This makes the ECM think that everything is working properly. Sadly, it just means the car still fails a state inspection. A lot of tuners do this to there car. They remove the cat, and install one of these. Hey, it is cheaper than replacing a cat right?

VW TDI Timing BeltOne of the guys in the shop was at training last week. I asked him to snap a few pictures for me. He sent me this one of a TDI engine. This is what a TDI Common Rail looks like. You are actually looking at the timing belt circuit. As you can see, there is a lot going on in there. If you follow the belt clockwise, starting at the big gear on the top, you have

  1. Cam Shaft, must be properly timed
  2. Little roller to keep tension on the belt
  3. High Pressure Fuel Pump, must also be properly timed.
  4. Big relay roller. This just redirects the belt on to the next gear
  5. Water Pump, this is not timed, and one of the more common failure points
  6. Crank Shaft Must also be properly timed
  7. Small roller, another roller to keep the belt where is needs to be
  8. Tensioner. This does what it’s name says. It keeps the belt properly tensioned. The tensioner might be the most common part to fail in the circuit

There is so much happening in the belt circuit. This is why, unless you are really handy, I recommend leaving timing belt jobs to the pros.

Broken VW Timing Belt almostThis picture is courtesy of the luckiest customer of the day. I pulled this car in to do a 100,000 mile service. That is like a mini tune-up, with a full list of inspections that we do. As part of the service, I checked the timing belt. When I pulled the cover back, I noticed that the belt was replaced. I started to put the cover back on, but found that something was not right.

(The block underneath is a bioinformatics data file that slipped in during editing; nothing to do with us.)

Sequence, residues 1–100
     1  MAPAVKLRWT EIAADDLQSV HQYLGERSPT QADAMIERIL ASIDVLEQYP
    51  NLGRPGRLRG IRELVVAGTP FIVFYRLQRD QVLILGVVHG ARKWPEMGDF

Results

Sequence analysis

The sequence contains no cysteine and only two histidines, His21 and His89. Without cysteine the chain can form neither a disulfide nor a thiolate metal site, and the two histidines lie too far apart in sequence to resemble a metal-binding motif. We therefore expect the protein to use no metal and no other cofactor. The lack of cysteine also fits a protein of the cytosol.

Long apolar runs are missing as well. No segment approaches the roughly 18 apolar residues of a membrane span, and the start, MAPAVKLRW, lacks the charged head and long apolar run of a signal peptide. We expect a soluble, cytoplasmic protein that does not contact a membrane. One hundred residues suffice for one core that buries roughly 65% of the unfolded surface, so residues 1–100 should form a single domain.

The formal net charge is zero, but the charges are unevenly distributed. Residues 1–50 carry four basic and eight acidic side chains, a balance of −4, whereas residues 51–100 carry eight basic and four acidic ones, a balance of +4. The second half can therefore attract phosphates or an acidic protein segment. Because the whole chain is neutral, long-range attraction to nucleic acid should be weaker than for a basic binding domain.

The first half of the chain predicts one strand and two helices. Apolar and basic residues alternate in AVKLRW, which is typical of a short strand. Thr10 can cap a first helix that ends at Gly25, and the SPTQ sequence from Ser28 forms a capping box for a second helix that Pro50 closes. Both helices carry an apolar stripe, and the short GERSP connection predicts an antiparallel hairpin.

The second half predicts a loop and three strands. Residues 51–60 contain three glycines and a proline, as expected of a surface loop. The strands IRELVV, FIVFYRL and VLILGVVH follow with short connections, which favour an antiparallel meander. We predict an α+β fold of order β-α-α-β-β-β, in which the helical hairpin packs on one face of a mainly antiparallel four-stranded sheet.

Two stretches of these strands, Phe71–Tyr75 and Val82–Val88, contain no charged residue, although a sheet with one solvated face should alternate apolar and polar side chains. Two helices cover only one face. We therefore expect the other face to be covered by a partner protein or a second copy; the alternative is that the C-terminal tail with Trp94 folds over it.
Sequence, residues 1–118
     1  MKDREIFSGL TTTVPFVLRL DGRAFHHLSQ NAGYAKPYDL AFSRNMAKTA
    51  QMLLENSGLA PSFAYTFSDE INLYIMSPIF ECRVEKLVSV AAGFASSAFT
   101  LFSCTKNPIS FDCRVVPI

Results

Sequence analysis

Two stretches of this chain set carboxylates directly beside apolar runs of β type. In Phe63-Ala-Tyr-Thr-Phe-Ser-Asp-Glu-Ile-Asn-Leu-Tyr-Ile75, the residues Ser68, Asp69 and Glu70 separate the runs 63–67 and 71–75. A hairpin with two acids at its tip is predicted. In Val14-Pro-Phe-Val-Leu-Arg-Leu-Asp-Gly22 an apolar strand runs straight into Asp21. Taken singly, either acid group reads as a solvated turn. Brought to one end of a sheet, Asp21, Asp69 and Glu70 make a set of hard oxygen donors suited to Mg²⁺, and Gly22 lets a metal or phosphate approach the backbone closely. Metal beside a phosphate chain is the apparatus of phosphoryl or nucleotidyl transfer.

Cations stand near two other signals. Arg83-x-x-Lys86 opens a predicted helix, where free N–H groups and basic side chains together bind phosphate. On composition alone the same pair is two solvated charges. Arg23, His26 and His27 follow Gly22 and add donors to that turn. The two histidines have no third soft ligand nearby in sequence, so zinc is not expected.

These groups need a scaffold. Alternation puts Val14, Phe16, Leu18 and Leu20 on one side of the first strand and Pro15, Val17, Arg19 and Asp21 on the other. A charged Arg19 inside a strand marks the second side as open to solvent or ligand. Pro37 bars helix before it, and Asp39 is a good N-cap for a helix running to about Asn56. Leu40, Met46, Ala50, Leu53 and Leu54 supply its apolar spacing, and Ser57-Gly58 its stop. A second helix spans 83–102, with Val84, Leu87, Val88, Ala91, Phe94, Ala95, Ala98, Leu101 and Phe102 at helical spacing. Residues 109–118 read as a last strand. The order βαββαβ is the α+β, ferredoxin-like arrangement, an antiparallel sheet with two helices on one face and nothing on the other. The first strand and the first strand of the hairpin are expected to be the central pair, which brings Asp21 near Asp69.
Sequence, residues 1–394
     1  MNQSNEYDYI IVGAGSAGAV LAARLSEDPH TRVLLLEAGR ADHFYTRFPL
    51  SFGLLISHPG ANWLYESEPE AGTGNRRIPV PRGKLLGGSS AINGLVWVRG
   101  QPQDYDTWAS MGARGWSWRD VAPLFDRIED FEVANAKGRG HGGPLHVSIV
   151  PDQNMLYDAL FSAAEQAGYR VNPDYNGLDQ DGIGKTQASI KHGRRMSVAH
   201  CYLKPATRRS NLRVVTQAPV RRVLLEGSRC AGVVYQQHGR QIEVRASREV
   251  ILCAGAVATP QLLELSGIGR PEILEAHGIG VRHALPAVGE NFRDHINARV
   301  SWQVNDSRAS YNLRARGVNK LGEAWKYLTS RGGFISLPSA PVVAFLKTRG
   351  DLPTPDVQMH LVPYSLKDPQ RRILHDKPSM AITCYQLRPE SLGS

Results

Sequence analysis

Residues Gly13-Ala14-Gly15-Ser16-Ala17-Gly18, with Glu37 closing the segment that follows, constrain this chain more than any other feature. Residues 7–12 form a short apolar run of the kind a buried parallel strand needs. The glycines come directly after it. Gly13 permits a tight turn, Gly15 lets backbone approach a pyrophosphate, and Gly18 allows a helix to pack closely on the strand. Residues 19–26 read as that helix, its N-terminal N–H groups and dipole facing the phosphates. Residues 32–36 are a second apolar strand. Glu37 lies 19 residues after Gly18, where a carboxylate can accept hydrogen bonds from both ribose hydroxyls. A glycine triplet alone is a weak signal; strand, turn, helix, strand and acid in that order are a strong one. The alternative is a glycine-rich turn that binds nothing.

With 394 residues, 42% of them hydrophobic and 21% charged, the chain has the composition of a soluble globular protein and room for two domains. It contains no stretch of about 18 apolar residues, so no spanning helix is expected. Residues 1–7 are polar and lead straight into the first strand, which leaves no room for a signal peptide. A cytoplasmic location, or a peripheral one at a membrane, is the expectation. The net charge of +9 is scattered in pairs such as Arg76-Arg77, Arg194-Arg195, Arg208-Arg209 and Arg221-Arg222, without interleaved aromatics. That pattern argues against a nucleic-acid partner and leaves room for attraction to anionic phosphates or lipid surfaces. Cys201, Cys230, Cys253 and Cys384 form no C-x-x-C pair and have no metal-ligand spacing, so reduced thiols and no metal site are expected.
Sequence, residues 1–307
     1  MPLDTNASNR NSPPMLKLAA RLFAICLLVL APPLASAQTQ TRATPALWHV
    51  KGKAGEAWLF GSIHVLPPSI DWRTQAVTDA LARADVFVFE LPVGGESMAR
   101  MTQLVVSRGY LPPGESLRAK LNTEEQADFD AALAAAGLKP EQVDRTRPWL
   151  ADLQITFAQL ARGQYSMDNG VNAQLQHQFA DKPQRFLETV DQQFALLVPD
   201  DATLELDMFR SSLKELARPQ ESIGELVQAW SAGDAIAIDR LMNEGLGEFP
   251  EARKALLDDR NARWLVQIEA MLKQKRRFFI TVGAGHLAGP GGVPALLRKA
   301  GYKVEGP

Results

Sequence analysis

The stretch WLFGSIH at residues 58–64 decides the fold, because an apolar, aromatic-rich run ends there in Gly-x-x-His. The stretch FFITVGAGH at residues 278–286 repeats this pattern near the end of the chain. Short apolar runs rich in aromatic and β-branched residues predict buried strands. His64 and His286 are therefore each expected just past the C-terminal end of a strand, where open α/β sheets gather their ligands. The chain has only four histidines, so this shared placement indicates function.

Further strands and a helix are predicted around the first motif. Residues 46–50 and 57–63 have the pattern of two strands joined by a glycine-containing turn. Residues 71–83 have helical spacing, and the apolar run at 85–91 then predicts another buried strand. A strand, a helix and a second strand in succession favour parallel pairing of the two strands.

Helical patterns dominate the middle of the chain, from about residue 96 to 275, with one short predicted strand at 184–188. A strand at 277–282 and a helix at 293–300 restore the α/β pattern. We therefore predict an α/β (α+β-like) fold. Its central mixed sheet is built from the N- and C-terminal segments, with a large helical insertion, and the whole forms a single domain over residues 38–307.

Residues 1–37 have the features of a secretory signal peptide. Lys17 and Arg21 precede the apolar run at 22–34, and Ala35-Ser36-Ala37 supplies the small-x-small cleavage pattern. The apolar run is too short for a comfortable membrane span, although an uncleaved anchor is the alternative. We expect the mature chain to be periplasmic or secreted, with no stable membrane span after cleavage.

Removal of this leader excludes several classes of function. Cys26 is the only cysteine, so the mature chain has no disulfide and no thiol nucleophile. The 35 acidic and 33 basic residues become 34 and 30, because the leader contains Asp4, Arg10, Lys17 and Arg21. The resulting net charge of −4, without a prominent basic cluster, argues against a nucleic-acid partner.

I took the cover all the way off, and found this bolt was not tight. This bolt holds a cover on. Lots of techs will remove the cover when they replace the water pump. I prefer just to move the shield a little and not touch that bolt. If for some crazy reason I need to remove the bolt, I make sure it gets some thread lock before I install it.

I put my magnet on the bolt, and it just came right off. There were no threads holding the bolt on. This customer was one good bump away from that bolt falling into the timing belt. I have seen engines destroyed for that exact thing happening. It not only will shred the belt, but punch holes in the bottom end of the engine.

When we told the customer what had happened, they were thankful. I don’t think they really understood how close to disaster they really were. Lucky Lucky Lucky!

Well, that raps up another round of automotive service pictures, more commonly known as Shop Shots!

Don’t forget to chime in with your thoughts. On this or any post really. The more you guys add, the better we can make the posts. Also, I am still looking for other folks in the auto industry for Behind The Wrench. If you know someone that would be awesome, just contact me!



Lucky Mechanic

Yesterday we talked about what it takes to be a top level, Master mechanic. One thing that I left out was LUCK! Yep luck. Yes a good mechanic needs to have top notch diagnostic skills. But it never hurts to get lucky. I thought I would tell a few stories about getting lucky fixing cars.

A 2004 Passat wagon came in for the radio cutting out. It had been around and around the shop. The radio had been replaced several times, the amplifier had been replaced and rewired several times. The radio would only cut out once every few months. Like many times when a problem is sporadic, it never messed up at the shop.

When it got to me, I spend about an hour messing with it. Checking this, testing that. Looking at all the work that had been done to the car. Finally, and very frustrated, I flopped down in the back seat. The radio cut off. I stood up, and the radio came back on. YES! I found something. It might have not been the problem, but I was able to duplicate the customers concern.

I pulled the bottom of the back seat up. There was a nicely wrapped wiring harness that ran right under the seat. I pulled the harness up, and the radio came back on. It turns out that a small part of the body of the car was rubbing a wire. We never found it because we never had anyone riding in the back. It was something that the customer did not put together. A quick wiring repair and she was good to go!